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  6. I like your "the truth shall set you free" section. Recently, I tried calling some of my closest friends on the narrow way we talk about weight and appearance even in a private space--and we're all in our 40's and 50's.Anytime we discussed weight, they were putting it in the context of "what I'm doing about it because I weigh too much." I asked if we could talk about some other issues, and we tried. It's hard, though. The taboos are so ingrained that often we're not even aware of them.

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  7. also, you spurred me to think about this in a way that allowed me to write about it! Thanks! You're behind tomorrow's post entitled Let It Go.

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  8. The way you describe the show's handling of Rae's weight sounds perfect. I get so, so tired of the conflation of weight and health and the assumption that if you're fat, you must by definition be physically and mentally unhealthy, and it's just not true. I mean, fatness may be the cause or the effect of other health problems, but people are complicated and so are the relationships between the various parts of our selves.

    If this becomes available in the U.S., I'll be sure to add it to my list.

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  9. Thank you thank you for reminding me about this show! I LOVED season one (which I watched in its entirety on Youtube, fellow americans!), and this reminded me to go find season 2! (Alas, heartbreak: all but the final two episodes are on youtube. I cannot find the last two episodes anywhere. This is awful. Everything is awful. Nothing is resolved. Ack.)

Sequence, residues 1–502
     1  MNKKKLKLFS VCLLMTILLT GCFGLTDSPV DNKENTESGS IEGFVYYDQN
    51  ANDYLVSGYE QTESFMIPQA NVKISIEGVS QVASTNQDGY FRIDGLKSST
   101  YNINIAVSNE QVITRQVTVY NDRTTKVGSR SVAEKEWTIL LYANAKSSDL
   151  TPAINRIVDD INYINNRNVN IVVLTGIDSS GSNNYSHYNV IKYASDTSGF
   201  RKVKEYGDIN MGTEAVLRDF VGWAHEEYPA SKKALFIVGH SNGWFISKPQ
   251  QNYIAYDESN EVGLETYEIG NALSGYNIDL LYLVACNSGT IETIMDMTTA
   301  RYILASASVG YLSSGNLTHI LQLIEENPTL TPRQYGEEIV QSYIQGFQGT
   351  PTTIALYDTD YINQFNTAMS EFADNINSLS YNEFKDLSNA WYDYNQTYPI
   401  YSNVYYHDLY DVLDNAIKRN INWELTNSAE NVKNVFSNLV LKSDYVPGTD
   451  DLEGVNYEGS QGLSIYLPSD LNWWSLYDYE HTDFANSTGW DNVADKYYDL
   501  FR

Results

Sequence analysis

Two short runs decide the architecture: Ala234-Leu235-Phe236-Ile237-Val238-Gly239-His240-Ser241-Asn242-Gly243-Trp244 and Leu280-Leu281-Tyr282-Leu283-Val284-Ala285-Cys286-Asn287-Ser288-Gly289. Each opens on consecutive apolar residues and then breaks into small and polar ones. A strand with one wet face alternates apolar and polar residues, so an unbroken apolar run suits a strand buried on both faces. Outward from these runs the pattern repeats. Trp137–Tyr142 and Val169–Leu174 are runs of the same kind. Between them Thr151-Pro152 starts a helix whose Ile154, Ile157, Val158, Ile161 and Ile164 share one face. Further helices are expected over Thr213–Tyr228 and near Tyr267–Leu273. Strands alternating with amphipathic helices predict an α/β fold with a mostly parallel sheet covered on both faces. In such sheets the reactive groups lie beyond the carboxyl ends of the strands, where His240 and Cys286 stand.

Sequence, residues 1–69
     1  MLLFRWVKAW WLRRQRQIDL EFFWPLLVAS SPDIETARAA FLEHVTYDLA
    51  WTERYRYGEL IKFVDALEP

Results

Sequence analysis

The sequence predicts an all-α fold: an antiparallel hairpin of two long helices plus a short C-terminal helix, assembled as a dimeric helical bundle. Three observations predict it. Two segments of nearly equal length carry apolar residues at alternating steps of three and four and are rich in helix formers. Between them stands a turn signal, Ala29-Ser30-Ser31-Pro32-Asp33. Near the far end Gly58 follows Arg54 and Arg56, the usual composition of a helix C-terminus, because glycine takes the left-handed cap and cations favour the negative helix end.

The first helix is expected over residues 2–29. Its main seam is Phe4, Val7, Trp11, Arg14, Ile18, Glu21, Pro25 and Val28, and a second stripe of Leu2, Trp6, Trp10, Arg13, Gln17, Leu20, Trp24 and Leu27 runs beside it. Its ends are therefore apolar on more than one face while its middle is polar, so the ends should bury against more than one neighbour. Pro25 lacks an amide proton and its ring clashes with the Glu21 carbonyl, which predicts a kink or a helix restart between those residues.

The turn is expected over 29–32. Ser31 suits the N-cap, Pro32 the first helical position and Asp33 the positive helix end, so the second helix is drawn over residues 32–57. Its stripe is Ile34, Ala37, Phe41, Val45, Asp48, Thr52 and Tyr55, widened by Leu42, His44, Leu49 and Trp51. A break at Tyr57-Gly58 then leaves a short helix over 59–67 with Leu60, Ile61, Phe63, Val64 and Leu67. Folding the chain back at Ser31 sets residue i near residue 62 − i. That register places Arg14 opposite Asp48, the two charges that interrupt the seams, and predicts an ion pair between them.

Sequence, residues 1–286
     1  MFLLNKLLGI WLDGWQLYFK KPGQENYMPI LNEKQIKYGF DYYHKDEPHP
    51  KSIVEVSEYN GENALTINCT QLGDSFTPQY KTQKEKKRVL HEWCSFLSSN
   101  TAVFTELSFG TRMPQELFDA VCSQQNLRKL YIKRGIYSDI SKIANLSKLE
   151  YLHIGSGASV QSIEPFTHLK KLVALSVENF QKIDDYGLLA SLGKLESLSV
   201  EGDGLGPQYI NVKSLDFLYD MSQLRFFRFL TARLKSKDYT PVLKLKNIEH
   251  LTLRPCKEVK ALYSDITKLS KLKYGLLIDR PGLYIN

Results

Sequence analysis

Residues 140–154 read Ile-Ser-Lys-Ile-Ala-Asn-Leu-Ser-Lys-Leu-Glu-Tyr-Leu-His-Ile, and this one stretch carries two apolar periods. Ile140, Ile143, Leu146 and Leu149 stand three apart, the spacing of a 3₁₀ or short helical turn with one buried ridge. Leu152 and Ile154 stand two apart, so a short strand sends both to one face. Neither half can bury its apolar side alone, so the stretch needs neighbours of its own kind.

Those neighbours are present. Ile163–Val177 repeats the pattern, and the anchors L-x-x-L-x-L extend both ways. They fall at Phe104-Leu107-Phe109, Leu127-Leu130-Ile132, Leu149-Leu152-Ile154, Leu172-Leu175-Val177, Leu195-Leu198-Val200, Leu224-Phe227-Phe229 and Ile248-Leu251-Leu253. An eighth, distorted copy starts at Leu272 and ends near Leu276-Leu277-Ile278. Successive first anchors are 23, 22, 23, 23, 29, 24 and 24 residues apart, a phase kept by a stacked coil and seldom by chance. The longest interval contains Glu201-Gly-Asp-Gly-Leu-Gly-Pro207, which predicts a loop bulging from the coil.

But as to the substance of the show...I have so many feelings. There are so many painful moments in this show--painful because they are well done and we feel for the characters--and then so many wonderful moments that show that no character is just one thing. And the relationships! Rae and her mother, Rae and Finn, Rae and Archie, Rae and REALLY EVERYONE. Gah. Sorry, I'm having trouble being coherent since I don't know how it ends!! It's painful. Kind of worth it, though.

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  10. Jenny: I'm keeping everything crossed for a proper release over there!

    Jeanne: Aw, I'm happy to hear that. I read your post and loved it.

    Teresa: There are also bits like this! I really hope it's made available over there!

    Laura: Argh! I'm so sorry! I don't want to make it worse, but you TOTALLY NEED THOSE EPISODES. Maybe whoever the kindly soul was who made the rest available will get to these too?

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Thank you so much for taking the time to comment - interaction is one of my favourite things about blogging and a huge part of what keeps me going.